Is it really about race and class problems, or is this case primarily a clash between private individual rights and public government power? My own experience, in which everyone was white and everyone was wearing orange and blue, and both the police officer and myself were female, informs how I see this case — as not about race or class or color and minorities, not even testosterone, but rather the same way I’ve seen schoolfolk self-justifying their institutional job (to the point sometimes, of dismissing the reality that actual individuals are hurt rather than helped.)

All in all, it was a transformative moment for me, the quintessential teacher’s pet and media spokesperson, grievance hearing officer and pourer of oil on troubled waters. . .
Personal rage and alienation caused by social injustice was a new feeling for me, and it came literally out of the blue. I was just enjoying the day and my life, with my family and friends in a place I’d felt completely comfortable, safe and loved for my whole life, when WHAM!

And what if it were instead a CPS worker backed up by an armed sheriff’s deputy, in the south, say, at your door investigating a similarly misinformed neighbor’s complaint, coming to challenge you as a homeschooling parent in your own home, such an obviously unfounded complaint that you get outraged and say so loudly, hoping the neighbor will hear you and feel ashamed?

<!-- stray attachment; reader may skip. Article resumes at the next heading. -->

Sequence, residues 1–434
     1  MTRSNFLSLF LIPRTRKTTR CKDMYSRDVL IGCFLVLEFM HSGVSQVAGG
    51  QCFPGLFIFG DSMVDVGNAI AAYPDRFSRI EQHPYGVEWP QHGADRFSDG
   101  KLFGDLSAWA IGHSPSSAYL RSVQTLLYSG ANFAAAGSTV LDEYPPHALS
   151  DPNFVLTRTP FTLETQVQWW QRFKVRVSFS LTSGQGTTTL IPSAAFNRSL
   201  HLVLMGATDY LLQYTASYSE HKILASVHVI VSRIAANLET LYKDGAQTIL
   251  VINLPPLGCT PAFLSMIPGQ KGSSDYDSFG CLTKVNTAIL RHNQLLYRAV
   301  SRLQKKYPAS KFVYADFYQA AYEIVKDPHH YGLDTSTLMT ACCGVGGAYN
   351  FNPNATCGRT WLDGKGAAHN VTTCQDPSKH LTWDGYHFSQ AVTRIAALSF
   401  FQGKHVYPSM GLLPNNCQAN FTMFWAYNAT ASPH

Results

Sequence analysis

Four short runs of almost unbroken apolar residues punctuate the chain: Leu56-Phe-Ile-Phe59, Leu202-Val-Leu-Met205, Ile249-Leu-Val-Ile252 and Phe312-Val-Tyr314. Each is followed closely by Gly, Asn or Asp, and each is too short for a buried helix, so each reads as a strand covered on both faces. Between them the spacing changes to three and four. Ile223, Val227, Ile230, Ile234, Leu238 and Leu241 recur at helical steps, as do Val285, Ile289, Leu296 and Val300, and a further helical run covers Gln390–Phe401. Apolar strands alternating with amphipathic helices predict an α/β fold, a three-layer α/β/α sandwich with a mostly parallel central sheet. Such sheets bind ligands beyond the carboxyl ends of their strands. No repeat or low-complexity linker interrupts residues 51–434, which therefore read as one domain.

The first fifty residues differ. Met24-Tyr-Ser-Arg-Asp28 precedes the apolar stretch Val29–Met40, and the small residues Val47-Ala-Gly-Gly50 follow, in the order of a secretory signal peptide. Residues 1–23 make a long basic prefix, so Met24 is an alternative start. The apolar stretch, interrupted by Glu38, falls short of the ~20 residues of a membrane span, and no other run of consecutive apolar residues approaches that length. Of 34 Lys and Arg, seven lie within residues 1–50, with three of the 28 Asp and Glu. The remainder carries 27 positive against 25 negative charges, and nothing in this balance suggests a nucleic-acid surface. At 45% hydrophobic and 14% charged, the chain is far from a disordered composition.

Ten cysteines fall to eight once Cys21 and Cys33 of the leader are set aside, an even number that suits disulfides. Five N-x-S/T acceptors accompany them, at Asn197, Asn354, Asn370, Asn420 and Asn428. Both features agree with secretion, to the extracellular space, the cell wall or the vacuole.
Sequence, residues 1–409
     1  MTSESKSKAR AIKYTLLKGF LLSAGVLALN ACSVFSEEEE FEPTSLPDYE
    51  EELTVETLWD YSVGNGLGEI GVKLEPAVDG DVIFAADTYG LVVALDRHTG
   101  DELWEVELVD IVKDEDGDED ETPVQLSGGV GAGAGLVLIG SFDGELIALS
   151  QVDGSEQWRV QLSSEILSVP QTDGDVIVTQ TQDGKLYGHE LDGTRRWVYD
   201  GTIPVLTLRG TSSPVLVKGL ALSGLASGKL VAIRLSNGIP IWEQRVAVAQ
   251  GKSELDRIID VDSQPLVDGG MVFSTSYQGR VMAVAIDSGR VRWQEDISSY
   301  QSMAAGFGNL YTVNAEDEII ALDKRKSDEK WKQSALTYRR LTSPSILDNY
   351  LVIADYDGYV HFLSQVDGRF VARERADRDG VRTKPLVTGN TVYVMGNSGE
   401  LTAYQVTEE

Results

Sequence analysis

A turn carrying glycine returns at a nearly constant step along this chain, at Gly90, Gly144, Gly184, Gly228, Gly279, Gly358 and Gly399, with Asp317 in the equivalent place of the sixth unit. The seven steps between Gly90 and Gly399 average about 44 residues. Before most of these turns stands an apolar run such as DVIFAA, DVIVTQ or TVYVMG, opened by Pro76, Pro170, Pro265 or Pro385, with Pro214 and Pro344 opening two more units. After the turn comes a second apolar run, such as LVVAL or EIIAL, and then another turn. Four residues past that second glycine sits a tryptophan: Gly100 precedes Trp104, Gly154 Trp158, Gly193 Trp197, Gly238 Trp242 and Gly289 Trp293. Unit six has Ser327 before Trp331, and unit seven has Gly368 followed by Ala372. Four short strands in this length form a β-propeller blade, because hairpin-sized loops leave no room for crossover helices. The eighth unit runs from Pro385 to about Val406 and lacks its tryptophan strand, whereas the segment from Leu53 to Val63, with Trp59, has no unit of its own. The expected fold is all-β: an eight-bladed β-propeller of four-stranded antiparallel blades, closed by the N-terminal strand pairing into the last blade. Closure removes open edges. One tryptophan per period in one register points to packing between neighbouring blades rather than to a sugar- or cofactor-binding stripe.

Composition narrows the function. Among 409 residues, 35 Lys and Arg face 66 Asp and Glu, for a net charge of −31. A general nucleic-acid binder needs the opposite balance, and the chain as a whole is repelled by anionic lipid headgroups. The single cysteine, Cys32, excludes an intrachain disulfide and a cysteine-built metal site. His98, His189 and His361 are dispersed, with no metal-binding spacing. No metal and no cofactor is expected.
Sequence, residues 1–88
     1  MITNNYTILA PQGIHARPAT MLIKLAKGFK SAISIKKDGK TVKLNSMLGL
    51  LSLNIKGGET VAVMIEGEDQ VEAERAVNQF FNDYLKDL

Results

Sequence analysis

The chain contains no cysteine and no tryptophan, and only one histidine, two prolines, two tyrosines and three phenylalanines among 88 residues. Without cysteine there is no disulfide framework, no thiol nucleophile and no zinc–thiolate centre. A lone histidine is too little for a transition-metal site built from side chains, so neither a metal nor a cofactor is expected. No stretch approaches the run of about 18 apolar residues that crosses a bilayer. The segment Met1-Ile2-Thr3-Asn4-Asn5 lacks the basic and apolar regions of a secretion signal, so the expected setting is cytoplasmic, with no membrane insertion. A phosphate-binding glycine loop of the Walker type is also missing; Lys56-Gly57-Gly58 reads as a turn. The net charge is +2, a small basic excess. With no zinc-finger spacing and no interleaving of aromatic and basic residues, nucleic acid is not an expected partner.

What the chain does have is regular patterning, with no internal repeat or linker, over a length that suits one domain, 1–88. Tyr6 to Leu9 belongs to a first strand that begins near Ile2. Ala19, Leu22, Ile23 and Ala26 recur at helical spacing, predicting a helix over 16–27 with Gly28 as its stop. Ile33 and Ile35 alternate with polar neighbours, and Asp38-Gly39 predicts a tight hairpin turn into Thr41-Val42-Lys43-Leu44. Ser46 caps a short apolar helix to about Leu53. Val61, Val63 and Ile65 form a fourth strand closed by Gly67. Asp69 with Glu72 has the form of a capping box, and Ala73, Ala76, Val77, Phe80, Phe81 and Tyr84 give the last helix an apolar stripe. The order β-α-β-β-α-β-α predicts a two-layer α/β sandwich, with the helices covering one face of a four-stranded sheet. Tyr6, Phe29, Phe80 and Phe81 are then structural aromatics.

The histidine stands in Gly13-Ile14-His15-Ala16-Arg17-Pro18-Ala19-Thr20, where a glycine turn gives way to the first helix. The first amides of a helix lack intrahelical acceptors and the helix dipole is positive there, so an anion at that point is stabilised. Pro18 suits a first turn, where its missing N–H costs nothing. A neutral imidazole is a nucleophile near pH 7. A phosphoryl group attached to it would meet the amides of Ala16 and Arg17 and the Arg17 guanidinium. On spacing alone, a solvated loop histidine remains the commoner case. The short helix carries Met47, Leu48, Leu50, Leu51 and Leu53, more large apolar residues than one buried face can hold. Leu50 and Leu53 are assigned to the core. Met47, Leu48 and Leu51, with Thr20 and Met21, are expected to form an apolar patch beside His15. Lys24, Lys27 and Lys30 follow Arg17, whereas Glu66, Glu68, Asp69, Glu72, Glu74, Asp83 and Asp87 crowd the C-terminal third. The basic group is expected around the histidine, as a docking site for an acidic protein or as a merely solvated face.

Now do you feel the same sympathies and concerns in the Gates case as you did before, or does your stomach suddenly flip-flop along with a 180-degree change of heart?

And please note, unlike my anonymous encounter with the police on game day, or any ordinary homeschool parent’s with the CPS, these principal characters were both well-known, mature, professional role models colliding in one of America’s most historic, educated and enlightened communities. White versus black, town versus gown, hate mail and a hot summer, a media feeding frenzy — here is Bill Cosby’s take — and one of them even knows the President of the United States personally! (Have you read Bonfire of the Vanities?)

The suspect was a black expert on racial profiling, while the white police officer who arrested him was a racial profiling trainer — if they can’t treat each other in an educated and enlightened manner, who can or will??

Some of the positions being publicly taken are Read the rest of this entry »